I used "highestAvailable" in my exe's manifest. But in standard user and UAC ON its not elevating the exe.

Is this the behavior of "highestAvailable"?

I referred this MSDN link but its not clear whether "highestavailable" will elevate the exe or not. My requirement is to elevate the exe if UAC is on.

I changed to "requireAdministrator" and my exe is getting elevated in standard user with UAC ON.

Can someone explain me in detail about the elevation behavior of these two options "highestAvailabe" and "requireAdministrator"?

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    highestAvailable is just that, the highest available permission; the user is a standard user, so that's what is the highest. If you always need admin permissions, use requireAdministrator. – CMircea Sep 29 '12 at 8:19

highestAvailable will elevate if the current user is an administrator. Which is consistent with what you have observed. When a standard user runs the process, no UAC dialog is shown and the process runs with the standard token. When an admin user executes, the UAC consent dialog is shown and the process will then run elevated.

If your program requires admin rights to function then you need to use requireAdministrator. When a standard user starts such a process, the over-the-shoulder UAC dialog is shown. That gives the user an opportunity to ask an admin to supply their credentials.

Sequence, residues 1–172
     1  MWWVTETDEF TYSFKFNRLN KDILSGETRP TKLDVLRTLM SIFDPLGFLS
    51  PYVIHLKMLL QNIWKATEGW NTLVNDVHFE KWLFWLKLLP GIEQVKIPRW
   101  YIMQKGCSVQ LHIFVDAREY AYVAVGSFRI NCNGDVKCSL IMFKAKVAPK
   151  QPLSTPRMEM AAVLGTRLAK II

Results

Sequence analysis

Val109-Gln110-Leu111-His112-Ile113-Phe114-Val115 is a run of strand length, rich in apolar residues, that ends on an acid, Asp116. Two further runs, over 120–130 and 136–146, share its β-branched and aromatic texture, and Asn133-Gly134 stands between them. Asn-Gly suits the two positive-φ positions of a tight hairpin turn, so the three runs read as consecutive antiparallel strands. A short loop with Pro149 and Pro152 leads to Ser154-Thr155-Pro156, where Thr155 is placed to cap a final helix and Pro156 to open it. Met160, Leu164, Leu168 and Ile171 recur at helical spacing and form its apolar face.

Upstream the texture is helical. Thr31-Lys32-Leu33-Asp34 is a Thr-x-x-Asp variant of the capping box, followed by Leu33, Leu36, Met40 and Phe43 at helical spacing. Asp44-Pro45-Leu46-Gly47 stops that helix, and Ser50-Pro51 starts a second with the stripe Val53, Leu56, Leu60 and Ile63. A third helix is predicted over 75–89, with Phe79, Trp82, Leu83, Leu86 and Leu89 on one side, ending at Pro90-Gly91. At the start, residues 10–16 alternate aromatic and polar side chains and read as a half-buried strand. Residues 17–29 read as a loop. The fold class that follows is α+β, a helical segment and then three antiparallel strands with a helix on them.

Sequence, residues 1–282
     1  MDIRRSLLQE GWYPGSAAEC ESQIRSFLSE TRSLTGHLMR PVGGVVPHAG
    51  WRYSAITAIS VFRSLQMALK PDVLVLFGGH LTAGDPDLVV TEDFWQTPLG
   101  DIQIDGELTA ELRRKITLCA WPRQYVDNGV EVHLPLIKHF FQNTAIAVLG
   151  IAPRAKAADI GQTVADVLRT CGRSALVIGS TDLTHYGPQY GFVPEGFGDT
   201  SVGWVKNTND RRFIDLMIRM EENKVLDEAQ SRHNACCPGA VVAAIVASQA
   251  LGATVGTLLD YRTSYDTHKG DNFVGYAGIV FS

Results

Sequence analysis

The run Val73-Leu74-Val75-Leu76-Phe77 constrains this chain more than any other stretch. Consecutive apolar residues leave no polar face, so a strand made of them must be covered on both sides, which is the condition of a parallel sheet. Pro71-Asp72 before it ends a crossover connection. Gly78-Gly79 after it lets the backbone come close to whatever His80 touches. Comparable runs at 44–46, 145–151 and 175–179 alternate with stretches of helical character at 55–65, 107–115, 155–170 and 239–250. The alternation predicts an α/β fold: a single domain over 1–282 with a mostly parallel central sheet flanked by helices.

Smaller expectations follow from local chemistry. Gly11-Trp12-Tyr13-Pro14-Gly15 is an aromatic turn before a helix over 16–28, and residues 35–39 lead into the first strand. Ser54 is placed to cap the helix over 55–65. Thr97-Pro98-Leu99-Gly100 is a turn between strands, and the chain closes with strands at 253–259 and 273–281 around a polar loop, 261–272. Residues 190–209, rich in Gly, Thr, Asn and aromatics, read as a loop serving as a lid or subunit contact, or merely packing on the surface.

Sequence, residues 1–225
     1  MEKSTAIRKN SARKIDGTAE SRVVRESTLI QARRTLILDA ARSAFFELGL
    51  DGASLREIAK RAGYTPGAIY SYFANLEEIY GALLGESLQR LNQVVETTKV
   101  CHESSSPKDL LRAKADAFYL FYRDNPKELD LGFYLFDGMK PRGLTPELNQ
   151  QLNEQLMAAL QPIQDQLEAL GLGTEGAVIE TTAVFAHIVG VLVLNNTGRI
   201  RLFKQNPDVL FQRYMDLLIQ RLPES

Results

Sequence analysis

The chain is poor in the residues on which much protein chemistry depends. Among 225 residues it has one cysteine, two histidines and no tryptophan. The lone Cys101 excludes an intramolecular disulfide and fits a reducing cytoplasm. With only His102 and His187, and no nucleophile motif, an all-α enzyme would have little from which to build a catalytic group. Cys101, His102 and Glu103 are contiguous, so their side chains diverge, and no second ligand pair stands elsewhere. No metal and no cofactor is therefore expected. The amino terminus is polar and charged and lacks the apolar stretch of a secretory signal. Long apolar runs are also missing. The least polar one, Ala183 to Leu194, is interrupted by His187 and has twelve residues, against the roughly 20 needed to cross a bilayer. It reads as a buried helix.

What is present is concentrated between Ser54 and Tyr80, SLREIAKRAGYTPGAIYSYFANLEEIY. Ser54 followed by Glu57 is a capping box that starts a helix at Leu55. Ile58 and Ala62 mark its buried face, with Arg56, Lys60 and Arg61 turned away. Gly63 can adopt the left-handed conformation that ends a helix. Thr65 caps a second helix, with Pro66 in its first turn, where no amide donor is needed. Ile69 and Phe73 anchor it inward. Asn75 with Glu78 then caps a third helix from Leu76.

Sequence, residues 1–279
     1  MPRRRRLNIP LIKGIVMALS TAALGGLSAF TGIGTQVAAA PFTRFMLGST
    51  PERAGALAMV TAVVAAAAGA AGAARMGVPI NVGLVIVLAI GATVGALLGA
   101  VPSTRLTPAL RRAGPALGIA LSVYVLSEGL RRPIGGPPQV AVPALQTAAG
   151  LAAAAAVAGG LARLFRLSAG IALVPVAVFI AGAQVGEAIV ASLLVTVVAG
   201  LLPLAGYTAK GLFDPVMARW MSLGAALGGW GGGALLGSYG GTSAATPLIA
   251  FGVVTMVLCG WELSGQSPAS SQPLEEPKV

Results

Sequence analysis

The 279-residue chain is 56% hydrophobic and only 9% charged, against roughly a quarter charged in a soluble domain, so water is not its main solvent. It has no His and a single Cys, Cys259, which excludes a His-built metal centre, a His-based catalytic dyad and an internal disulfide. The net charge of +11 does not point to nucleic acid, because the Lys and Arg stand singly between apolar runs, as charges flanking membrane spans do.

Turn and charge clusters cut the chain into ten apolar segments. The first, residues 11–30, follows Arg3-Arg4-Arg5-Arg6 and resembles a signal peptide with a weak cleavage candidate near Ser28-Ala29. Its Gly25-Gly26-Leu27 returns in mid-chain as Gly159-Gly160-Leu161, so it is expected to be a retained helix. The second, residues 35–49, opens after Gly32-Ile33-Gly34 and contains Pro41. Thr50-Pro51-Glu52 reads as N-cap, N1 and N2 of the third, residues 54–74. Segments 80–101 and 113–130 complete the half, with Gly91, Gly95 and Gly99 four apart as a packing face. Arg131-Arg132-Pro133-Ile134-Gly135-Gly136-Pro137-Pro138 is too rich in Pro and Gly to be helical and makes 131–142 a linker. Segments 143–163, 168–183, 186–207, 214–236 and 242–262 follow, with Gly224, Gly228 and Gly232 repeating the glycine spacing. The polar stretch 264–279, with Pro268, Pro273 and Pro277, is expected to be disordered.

You should only use highestAvailable if your program is capable of running with a limited functionality in case the user is not able to elevate. This is what is meant by mixed-mode in the MSDN topic linked by your question.

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    An example of highestAvailable is the registry editor that can run as all users but for admin users, it needs full access as that user. – Deanna Oct 1 '12 at 8:47
  • This means you cannot run this program as limited when you're an administrator, doesn't it? – Medinoc Jul 4 '13 at 7:54
  • @Medinoc That is correct. An example of a program configured this way is regedit. – David Heffernan Jul 4 '13 at 8:10

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